The Chicago Telephone Company and the Metropolitan Telephone Company of New York commissioned the first two purpose-built telephone buildings and established their basic parameters. Joseph Lyman Silsbee (1886) and Cyrus L. W. Eidlitz (1887) designed the buildings in the heart of their cities’ existing business districts in the Loop and lower Manhattan, respectively. The structures were within two blocks of newspaper offices, city hall, banks, stock exchanges, and other financial and business clientele. Both were multistory hybrids that accommodated a number of competing functions: the basement level provided space for electricity-generating dynamos, batteries, and connections to subterranean tunnels that allowed copper wires to flow to and from customers’ telephones; the ground and second floors provided business offices for customers to order service and pay bills; the floors above provided space for managers, bookkeepers, and sales and installation teams; and the top floors provided space for the switchboards and an all-female staff of operators. In between the basement and top floors, wires flowed through chases and pipes placed to thread the physical network of the telephone system invisibly through what otherwise looked like a conventional building. Both Silsbee and Eidlitz designed rugged Romanesque buildings with broad structural masonry piers that supported the heavy equipment and wires inside. Expansions to both buildings quickly adopted new reinforced concrete and steel frame construction methods.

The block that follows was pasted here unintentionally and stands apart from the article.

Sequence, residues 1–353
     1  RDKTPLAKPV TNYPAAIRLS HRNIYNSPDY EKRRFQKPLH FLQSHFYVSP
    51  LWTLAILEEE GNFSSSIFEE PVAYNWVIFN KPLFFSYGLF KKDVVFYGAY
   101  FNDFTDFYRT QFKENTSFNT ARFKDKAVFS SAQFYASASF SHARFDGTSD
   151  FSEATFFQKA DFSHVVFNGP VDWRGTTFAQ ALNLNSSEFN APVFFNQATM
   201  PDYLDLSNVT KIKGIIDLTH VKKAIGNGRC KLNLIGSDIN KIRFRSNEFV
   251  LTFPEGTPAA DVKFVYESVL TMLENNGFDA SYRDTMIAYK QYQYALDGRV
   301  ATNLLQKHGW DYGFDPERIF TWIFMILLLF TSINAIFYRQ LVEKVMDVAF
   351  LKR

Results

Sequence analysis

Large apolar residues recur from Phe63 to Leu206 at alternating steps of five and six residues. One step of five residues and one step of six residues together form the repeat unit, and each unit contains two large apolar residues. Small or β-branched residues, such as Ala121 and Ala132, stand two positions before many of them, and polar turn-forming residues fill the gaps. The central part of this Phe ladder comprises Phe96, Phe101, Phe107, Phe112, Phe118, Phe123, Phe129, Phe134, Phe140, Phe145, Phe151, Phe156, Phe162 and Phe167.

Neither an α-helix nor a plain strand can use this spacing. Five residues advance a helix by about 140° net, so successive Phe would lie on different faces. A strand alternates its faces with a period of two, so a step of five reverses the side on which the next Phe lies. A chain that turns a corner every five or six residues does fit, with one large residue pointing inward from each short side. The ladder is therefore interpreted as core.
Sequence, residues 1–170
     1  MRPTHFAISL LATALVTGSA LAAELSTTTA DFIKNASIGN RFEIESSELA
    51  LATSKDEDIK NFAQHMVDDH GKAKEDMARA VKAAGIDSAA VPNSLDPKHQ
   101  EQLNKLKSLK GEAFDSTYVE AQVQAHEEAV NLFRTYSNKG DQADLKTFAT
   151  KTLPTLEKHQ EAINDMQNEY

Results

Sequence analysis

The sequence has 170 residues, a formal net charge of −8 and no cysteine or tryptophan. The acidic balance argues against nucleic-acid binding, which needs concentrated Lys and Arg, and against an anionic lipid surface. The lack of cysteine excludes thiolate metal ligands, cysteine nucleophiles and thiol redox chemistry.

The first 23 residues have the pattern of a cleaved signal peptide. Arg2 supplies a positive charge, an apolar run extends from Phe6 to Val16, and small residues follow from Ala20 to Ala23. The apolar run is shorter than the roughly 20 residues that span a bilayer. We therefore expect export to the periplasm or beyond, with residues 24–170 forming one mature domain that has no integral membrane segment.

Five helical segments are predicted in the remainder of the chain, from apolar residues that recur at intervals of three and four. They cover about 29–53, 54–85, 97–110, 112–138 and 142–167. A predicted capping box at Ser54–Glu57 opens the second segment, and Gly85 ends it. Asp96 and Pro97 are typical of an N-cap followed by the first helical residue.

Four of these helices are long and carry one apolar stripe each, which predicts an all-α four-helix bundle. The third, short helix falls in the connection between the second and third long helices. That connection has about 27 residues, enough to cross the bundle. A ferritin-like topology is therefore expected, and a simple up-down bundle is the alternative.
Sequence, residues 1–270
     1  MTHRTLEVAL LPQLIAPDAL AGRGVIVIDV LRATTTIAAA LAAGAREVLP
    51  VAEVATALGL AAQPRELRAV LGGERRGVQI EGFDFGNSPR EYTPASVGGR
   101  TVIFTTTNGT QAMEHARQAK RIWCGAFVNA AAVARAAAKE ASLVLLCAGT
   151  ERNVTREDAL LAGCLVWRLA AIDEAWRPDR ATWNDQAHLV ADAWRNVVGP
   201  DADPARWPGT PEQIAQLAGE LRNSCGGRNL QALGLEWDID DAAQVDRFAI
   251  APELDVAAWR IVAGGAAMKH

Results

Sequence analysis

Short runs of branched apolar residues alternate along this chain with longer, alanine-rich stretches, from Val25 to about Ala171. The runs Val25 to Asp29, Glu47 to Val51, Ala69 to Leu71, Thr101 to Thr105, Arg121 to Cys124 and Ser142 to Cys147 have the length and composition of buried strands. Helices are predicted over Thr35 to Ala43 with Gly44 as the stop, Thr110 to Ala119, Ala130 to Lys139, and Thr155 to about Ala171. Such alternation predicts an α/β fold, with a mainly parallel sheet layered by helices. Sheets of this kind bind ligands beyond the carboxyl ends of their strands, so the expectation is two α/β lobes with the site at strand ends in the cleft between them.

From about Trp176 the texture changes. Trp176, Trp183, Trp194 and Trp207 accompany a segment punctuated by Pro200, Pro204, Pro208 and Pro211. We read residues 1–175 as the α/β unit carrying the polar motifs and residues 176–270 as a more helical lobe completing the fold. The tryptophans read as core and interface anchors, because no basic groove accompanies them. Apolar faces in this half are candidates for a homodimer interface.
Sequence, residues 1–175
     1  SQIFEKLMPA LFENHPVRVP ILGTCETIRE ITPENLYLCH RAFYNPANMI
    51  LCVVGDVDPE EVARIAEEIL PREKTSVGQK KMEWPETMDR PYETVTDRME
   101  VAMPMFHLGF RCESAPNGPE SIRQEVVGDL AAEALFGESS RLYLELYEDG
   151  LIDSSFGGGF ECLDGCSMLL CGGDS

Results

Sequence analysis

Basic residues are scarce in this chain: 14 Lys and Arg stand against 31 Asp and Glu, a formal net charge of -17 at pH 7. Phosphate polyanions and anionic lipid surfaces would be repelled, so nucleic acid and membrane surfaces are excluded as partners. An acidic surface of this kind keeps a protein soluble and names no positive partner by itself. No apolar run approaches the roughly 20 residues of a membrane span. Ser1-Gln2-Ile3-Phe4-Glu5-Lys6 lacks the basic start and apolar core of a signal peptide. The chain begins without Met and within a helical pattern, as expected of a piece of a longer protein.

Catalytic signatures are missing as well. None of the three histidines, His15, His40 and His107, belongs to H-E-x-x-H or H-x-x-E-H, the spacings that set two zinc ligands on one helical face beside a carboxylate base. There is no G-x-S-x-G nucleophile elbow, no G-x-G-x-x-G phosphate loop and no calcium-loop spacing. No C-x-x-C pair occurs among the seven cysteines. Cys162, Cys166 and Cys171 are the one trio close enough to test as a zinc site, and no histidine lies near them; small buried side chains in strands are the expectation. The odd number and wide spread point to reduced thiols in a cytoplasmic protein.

Similar, though smaller, buildings quickly followed for the New England Telephone Company in Boston and the Bell Telephone Company of Philadelphia. From the outside, they matched the scale and aesthetics of the surrounding city while on the inside they managed complex programs that separated industrial and white-collar functions, technical and social spaces, and male- and female-dominated workforces. Of this first generation of telephone buildings, all built by companies associated with what would become the Bell telephone monopoly, few survive, including the 1889 central office for Southwestern Bell in St. Louis, now converted to loft apartments, and the Pittsburgh headquarters for Bell Telephone of Pennsylvania, designed by Frederick Osterling in an impeccable Richarsondian style.